The Trump administration is considering a ban on the use of software from a well-known Russian cybersecurity company that allegedly has connections to Russian intelligence.
U.S. government officials could determine within days whether it will remove Kaspersky Lab from the General Services Administration’s list of companies whose products are approved for use in federal agencies, according to an ABC news report Tuesday.
The decision will be the culmination of an “interagency review” that has been conducted by multiple federal agencies over the past weeks.
The government’s review comes amid allegations that Kaspersky Lab has ties to the FSB, Russia’s federal security service. Kaspersky Lab developed technology on behalf of the intelligence service, participated in joint projects and participated in ride alongs with FSB agents on raids, according to Bloomberg Businessweek.
A thread of emails obtained by Bloomberg supposedly shows Eugene Kaspersky, the company’s chairman and CEO, outlining a secret project to senior staff in October 2009. The project was started the year before “per a big request on the Lubyanka side.” The Lubyanka is the common term for the former headquarters of the Soviet-era KGB, and the current FSB offices housed at Lubyanka Square.
Kaspersky Lab vocally denied any impropriety vis-a-vis government agencies in a statement published Tuesday, noting that it only works with such agencies to fight crime.
“Regardless of how the facts are misconstrued to fit in with a hypothetical, false theory, Kaspersky Lab, and its executives, do not have inappropriate ties with any government,” said Kaspersky Lab in a statement. “The company does regularly work with governments and law enforcement agencies around the world with the sole purpose of fighting cybercrime.”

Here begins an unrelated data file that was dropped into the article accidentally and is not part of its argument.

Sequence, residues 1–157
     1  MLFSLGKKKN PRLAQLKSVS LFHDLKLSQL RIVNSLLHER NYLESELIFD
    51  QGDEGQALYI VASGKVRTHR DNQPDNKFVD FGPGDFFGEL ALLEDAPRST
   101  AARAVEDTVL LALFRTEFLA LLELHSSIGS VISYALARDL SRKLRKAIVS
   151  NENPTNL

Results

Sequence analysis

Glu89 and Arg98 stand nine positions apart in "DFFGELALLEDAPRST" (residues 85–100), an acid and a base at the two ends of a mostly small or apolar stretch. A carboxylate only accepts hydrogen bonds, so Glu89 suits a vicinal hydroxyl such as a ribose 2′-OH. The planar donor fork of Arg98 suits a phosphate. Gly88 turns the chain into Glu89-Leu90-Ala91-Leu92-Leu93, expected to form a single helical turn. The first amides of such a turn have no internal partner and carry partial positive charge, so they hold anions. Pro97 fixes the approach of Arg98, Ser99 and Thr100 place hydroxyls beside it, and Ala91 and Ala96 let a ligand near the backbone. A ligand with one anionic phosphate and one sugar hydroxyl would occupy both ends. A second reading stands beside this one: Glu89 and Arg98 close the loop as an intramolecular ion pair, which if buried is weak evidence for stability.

The company confirmed the authenticity of the emails, but insisted that the communications were “misinterpreted or manipulated to try to make the media outlet’s narrative work.”
Kaspersky Lab told The Daily Caller News Foundation that it is “being unjustly accused without any hard evidence to back up these false allegations.”
“Kaspersky Lab, a private company, seems to be caught in the middle of a geopolitical fight where each side is attempting to use the company as a pawn in their geopolitical game,” the company told TheDCNF.
U.S. intelligence officials expressed concern regarding Kaspersky Lab in a May hearing before the Senate Permanent Select Committee on Intelligence. National Security Agency Director Mike Rogers claimed he was “personally involved” in monitoring Kaspersky Lab, while Defense Intelligence Agency Director Vincent Stewart noted that his agency was “tracking Kaspersky and their software.”
GOP Florida Sen. Marco Rubio asked the six intelligence officials if they would use Kaspersky Lab software on their computers. The answer was a unanimous “no.”
The company’s website claims that more than 400 million users and more than 270,000 organizations are protected by its technologies, which includes Americans. In fact, more than half ($374 million) of the company’s $633 million in sales last year were from Western Europe and the U.S., according to Bloomberg.
Democratic New Hampshire Sen. Jeanne Shaheen has already taken steps to counter the use of Kaspersky Lab products in the government. The New Hampshire Democrat, who is a member of the Senate Committee on Armed Services, introduced an amendment to the Department of Defense spending bill three weeks ago which would aim to ban the military from using the company’s software.
Kaspersky Lab told TheDCNF that it is willing to work with the U.S. government to address any concerns it may have regarding the company.
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